I want to toss a bouquet or two at the Republican Party.
The Grand Old Party has become the organization filled with diverse thoughts, philosophies, competing ideas. It is being revealed yet again as the GOP struggles over how to enact a bill that would overhaul the Affordable Care Act.
It wasn’t always this way.
A couple of generations ago, those of us of a certain age remember when the Democratic Party exemplified turmoil, tumult and tempest. The Vietnam War tore Democrats apart, had them ripping out the throats of their brethren. Republicans stood firm in support of that war.
The GOP would split in 1976 when conservative champion Ronald Reagan challenged President Ford’s election effort, only to lose narrowly at the party’s political convention.
Now we see Democrats standing as one in opposition to the GOP plan to dismantle the ACA and replace it with something else.
Republican moderates dislike the GOP alternative because it takes too much money from Medicaid. Republican conservatives hate it because they call it a “light” version of the ACA and are pushing for a more drastic departure from President Barack Obama’s landmark domestic legislative achievement.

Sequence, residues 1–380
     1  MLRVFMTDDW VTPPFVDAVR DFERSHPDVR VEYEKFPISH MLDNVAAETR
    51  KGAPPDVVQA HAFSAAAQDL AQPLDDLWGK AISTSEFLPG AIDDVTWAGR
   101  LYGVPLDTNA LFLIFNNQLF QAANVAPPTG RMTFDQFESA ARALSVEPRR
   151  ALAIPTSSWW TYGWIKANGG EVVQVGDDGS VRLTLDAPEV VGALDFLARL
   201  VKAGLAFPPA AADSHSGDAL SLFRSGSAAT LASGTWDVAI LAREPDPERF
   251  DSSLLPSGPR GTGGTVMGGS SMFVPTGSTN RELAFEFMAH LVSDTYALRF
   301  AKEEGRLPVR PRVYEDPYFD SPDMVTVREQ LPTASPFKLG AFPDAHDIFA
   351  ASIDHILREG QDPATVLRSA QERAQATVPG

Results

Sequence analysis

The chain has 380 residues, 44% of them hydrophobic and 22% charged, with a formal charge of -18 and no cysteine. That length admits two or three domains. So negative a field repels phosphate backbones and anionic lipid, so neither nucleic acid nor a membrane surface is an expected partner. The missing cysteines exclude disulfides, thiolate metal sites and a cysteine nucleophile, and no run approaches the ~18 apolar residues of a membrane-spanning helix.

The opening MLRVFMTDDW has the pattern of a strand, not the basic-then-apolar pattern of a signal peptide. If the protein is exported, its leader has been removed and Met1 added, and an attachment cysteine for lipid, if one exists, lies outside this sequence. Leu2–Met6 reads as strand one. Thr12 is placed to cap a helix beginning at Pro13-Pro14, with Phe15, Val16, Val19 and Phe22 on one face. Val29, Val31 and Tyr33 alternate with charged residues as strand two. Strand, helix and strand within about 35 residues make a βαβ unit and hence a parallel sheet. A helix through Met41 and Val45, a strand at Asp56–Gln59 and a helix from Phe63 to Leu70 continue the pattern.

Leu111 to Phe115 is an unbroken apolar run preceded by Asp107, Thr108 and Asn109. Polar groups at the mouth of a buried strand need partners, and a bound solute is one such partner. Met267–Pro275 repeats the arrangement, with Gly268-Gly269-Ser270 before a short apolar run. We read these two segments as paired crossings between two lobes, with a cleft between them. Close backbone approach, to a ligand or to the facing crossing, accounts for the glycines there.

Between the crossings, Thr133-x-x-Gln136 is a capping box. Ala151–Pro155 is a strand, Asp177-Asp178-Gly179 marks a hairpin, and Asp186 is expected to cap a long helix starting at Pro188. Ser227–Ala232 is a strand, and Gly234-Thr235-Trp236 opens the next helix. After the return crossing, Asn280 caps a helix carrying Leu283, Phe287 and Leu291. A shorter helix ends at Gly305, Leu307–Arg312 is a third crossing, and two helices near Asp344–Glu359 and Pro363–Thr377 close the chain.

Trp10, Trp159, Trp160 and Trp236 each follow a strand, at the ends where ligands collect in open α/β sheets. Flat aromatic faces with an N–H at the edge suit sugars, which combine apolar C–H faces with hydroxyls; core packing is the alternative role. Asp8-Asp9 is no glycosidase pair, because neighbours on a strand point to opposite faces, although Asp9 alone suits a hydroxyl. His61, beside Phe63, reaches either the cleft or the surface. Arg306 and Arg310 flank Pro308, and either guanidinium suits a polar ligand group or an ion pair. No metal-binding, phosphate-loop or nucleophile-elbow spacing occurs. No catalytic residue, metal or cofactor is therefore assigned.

Frankly, I find the intraparty debate refreshing and healthy for Republicans. There might be a purging after it’s all over. Whichever sides wins the argument will likely have to heal the rift that has developed with the other side, and vice versa.
I’ve always like diversity of thought. Democrats’ divisions in the 1960s and early 1970s cost them dearly over the course of many presidential election cycles. They would lose six of seven presidential elections from 1968 to 1988. Democrats eventually got their act together enough to win in 1992, 1996, 2008 and 2012.
It remains to be seen whether the current Republican political divide will cost that party as dearly as it did the Democrats. I believe, though, that the party’s struggle over health care overhaul will be ultimately good for its long-term future — if the GOP is able to cope with all this arguing.